The government’s concerted drive to make Goa the first cashless state in India by December 31 is coming unstuck. After opposition from traders, the plan is facing resistance from the state unit of the ruling Bharatiya Janata Party, which on Tuesday opposed the month-end deadline, saying it gave no time for preparation or implementation. It also pointed out that the plan was causing panic among tourists and the trading community.

A section of the BJP cautioned against angering the business community when Assembly elections are scheduled for early next year.

The party urged Chief Minister Laxmikant Parsekar to withdraw a government circular, issued on November 30, directing traders to comply with the government’s decision. The rollback request came a day after BJP workers spoke with vendors and shop owners in the Panjim market.

First cashless state

The circular was issued four days after Defence Minister and former state chief minister Manohar Parrikar declared, on November 26, that Goa would support Prime Minister Narendra Modi’s demonetisation drive and be the first state to go cashless by December 31. Since then, the state administration has been in mission mode, formulating plans to connect the mobile phones of vendors to bank accounts and facilitate customer payments even through non-smartphones. It has held several meetings with banks and plans to move all payments online, including various fees and traffic fines, and to set up information kiosks to educate the public and spread awareness about the drive.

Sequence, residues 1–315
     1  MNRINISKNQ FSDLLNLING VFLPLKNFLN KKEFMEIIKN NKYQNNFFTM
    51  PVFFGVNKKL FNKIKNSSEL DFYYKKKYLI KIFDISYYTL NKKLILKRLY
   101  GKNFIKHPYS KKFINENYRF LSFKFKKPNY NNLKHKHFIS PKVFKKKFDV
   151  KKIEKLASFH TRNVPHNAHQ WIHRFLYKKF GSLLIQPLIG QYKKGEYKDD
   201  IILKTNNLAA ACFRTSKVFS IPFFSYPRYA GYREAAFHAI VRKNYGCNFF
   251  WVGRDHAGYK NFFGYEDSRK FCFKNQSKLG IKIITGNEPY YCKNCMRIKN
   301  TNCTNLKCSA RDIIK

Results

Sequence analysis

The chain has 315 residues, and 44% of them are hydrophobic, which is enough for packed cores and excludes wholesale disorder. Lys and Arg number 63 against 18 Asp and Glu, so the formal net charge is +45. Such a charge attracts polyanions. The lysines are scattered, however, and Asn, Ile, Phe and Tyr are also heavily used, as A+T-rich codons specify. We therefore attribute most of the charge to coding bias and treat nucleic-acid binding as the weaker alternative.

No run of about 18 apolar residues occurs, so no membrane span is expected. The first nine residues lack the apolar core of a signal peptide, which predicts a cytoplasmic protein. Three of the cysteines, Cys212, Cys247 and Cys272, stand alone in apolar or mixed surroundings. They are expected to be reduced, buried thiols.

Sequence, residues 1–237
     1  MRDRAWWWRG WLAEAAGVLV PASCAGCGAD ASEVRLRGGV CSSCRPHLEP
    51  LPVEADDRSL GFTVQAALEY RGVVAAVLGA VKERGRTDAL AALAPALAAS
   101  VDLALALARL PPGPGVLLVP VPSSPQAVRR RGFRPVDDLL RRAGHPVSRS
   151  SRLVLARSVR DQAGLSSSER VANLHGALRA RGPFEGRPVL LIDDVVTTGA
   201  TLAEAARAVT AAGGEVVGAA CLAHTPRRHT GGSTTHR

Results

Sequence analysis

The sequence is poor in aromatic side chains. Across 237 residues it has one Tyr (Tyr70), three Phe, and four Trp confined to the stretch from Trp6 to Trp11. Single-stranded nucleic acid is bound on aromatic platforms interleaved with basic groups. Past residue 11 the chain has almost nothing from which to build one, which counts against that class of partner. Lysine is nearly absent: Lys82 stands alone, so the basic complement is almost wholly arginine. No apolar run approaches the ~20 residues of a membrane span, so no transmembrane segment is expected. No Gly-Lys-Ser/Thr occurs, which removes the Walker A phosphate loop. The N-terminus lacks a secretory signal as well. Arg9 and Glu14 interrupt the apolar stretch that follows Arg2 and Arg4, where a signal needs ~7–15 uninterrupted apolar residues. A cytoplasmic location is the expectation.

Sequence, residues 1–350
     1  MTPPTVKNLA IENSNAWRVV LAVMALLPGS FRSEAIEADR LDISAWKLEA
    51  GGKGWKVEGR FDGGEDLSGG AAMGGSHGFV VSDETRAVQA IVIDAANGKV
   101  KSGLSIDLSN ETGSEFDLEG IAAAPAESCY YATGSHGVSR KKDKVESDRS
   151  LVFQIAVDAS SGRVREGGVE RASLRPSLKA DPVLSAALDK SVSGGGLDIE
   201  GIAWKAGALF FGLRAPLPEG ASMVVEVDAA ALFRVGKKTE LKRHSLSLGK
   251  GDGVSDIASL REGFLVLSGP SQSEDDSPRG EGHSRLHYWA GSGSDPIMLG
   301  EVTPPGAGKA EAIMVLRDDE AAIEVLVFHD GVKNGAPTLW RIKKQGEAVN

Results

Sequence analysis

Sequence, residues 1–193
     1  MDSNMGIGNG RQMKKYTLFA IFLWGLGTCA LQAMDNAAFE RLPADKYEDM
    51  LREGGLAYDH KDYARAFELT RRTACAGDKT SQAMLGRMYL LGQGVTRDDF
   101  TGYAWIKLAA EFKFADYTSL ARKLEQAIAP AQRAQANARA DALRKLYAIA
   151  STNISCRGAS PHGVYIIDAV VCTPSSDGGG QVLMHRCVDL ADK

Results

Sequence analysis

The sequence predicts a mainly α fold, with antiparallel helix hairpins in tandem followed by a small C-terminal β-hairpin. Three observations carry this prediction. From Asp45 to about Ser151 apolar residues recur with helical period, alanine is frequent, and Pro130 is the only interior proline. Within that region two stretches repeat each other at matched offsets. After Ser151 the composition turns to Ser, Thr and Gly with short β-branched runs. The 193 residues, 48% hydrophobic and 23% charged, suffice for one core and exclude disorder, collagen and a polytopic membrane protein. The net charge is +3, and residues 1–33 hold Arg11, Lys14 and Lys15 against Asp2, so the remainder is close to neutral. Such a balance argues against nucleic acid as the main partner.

But while the government departments have speedily announced their proposals, talks with traders ­– already suffering from a demonetisation-induced slowdown – have hit a roadblock.

The November 30 circular, issued by the commercial taxes department, directed all registered vendors, hoteliers, wholesalers and traders to “ensure that cashless available modes of payments are made available at their respective place of business within 10 days from the date of issue of this circular”. It said commercial tax officers would visit them to “verify compliance” and a consolidated compliance report would be submitted to the commissioner of commercial taxes in a fortnight.

The circular has caused a furore among traders, even as the commissioner has clarified that no punitive measures were tied to the request and that 70% of vendors already had point of sale machines for card transactions. The chief minister, too, has sought to allay fears by stressing the absence of punitive action and stating that such a move would not completely eradicate cash.

The matter has reached the Goa State Human Rights Commission through a petition filed by lawyer and social activist Aires Rodrigues, who said such a switch would cause immense hardship to smaller establishments and those without credit/debit cards in a state where internet connectivity and uninterrupted power supply are not assured.